Wednesday, April 18, 2012

Not a bang, just a whimper. And a half-hearted whimper at that.

Do you remember the good old days of computer games in the eighties? Sitting there in your 'Wham' T shirt and white chino trousers with your evening meal of Findus Crispy Pancakes, chips and beans whilst watching the hypnotic flashing stripy borders of a Spectrum 48k loading screen all accompanied by a soundtrack of the cacophonous screeching din of raw data blasting out into your living room (later released by Radiohead as "Kid A")?

It took real effort to play computer games in those days. Even the process of loading them up took the patience of 8.17 saints, Zen-like superior technical mastery over volume levels on your Saisho Ghetto-blaster and ninja like skills to navigate around the room without knocking said tape deck - invariably resulting in the single most feared message a teenager could be faced with (along with "BCG Vaccinations will be taking place at this school next week"):

I wasn't even trying to load eighties sideways scrolling shooter R Type hahahahahaha
..and we haven't even started playing the bloody game yet. And what a glorious age for games it was - Timmy Malletts Toss-Piece challenge, TigSteve Ovetts Winter Soggy Biscuit Games, KolorKlash™, Rustie Lees Rat-A-Tat-Ginger 2: The Opening, Miners-Strike-Satire Chipmunk, Shine on Harvey Moon, the way-before-its-time classic Janet Ellis Must Die and the unforgettable Pretty in Pink: The Videogame. All absolute classics.

And here's where the patience of those 8.17 saints comes in again - a lot of the time you'd have to complete them all in one go. Some games supported saving your position, but not all. And you'd dutifully struggle your way through the Space Caverns of Xenthru, heroically collecting the last Snaafu in order to power the Destructobeam of Kevin™, hit the switch to activate it and..

A black screen with some white (or maybe yellow) text.

The developer of the software may even have treated you a lovely bleepy soundtrack for the completion screen - or the same bleepy soundtrack in horrifying MIDI if you had a spectrum 128k. This can be simulatedin the comfort of your own home by going to any website that hasn't been updated in the last 10 years. This will also have the secondary benefit of satisfying your 'scrolling marquee text' requirements for the next 12 months. Warning: Geocities is no more.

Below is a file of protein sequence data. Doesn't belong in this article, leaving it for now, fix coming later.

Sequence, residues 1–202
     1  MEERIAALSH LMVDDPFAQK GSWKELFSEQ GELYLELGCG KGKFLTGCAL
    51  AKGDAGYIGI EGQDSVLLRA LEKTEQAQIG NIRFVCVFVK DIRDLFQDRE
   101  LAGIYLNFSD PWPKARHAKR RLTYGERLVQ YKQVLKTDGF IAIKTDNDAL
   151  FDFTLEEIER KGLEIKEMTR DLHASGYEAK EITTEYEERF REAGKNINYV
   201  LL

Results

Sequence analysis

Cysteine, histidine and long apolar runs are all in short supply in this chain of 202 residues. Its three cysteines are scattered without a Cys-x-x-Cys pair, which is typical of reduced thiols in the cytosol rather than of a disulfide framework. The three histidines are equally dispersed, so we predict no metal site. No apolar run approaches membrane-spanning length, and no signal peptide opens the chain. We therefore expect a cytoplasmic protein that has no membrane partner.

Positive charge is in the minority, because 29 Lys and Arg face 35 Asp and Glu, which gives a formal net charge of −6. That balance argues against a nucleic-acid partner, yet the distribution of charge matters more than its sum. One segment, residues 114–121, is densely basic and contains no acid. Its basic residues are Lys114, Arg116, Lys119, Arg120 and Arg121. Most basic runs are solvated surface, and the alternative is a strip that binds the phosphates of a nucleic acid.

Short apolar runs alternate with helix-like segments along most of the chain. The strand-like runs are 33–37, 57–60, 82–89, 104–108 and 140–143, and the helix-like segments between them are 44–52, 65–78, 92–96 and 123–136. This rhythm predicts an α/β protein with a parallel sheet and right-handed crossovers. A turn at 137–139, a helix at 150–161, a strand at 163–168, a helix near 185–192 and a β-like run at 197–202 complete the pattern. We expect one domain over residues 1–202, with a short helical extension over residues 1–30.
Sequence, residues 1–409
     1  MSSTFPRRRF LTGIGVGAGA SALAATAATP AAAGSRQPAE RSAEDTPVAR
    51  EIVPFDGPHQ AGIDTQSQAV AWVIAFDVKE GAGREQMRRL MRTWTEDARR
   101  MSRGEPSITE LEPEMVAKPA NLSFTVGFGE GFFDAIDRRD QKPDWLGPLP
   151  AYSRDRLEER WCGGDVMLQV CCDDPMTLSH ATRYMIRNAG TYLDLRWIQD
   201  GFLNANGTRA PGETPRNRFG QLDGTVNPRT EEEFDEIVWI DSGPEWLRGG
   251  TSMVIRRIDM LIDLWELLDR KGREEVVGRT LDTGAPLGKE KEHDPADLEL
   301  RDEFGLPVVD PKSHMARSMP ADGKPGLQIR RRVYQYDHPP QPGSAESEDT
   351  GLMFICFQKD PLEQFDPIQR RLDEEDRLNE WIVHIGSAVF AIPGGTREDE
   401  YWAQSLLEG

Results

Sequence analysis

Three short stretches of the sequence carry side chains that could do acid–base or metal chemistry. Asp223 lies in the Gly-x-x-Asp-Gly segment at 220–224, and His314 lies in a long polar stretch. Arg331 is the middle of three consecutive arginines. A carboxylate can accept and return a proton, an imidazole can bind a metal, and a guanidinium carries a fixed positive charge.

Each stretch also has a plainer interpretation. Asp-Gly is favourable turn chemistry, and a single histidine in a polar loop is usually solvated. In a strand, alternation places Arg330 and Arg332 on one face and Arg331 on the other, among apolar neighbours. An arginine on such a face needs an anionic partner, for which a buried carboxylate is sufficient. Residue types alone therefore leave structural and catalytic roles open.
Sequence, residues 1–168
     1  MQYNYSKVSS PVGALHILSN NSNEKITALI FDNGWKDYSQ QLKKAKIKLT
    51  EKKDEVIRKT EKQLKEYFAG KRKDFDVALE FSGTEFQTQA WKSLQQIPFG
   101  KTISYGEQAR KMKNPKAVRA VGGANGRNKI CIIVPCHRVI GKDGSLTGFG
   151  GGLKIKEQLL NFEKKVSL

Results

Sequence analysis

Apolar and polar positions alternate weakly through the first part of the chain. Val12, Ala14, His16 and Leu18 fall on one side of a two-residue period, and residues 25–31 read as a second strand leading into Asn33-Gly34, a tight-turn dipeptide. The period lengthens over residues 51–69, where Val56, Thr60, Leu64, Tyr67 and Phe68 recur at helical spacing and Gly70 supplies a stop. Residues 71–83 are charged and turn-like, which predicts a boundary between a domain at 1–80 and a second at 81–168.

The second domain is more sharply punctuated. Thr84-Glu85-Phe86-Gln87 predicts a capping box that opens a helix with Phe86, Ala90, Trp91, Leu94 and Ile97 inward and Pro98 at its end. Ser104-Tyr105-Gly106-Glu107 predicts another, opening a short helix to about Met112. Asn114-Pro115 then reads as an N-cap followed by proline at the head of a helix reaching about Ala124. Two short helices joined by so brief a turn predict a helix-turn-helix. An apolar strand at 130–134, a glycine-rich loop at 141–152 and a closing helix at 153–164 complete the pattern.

So you'd either click Y and play again or switch off the Spectrum therefore vacating the television so the rest of your family could watch A Question of Sport or Big Break. Or so Dad could kick you out and watch Pans People on his own with the door shut.

So, all you moaners complaining about the ending to Mass Effect 3? Just be grateful that you had an ending at all! (I'd actually started writing a separate blog post about the Mass Effect 3 ending controversy some weeks ago, but I found myself actually getting angry writing it so scrapped it. In a nutshell - Mass Effect ending 3 perfectly fine in my mind, and it sets a horrible precedent if people can force an artist to change their original vision if they whinge about it enough. My two pence worth).

So, in this sophisticated age of videogamery, it's refreshing to see that a developer, namely id Software, have managed to capture the ethos of the eighties in their game Rage. Namely in that having ploughed through it for ten hours (albeit with the ability to save it and actually switch the Xbox off) I was treated to the 21st century equivalent of a black screen with yellow writing on it.

It's not that it's a bad game - far from it. It's plotless pretty nonsense, but quite good fun (and only £7 from Morrisons, plotless-pretty-shit ending game fans). The issue is that everything seems to be building up to a crescendo and you've been given a stupidly large gun which you're bound to need to take out a stupidly large boss - you've just had a desperate fight with dwindling ammo against a horde of angry dudes, you press a button and...

Congratu-welldone. A cut scene so short and vague as to be pointless, and then the end credits. Would you like to play again? What do you mean, again? I wasn't aware I'd properly finished this time!

Working in the exciting jet-set world of Software Development myself, it's all too easy to fall into the "Ah, that'll do" mindset. Not to under-deliver, but not deliver something that'll set the world alight either. It just.. works.

Rage is a textbook example of that. The cliched plot chugs along - characters are introduced and then vanish for no good reason, you have no real idea why the 'big bad' is so big and bad, you shoot some stuff with increasingly more powerful weapons, you drive around in your increasingly more powerful car and then - it ends.

It's a pretty journey, I'll give you that, but ultimately very hollow. You'll end up wandering around the same level over and over again fighting the same old bad guys, and you'll find that the health mechanic means it's next to impossible to properly die and see a game over screen. It's an example of functional gaming - nothing more. As soon as it threatens to go anywhere interesting, it's as though the developers panic and reign you back in - Don't want you enjoying yourself too much now, do we?

And is made even worse by the fact that the end screen doesn't even have a congratulations message written in broken English. Bring back the eighties!



  1. I liked this blog but I was very disappointed by the ending. Could you re-write it with more owls. Thanks.

  2. Infinitely more owls have been added.


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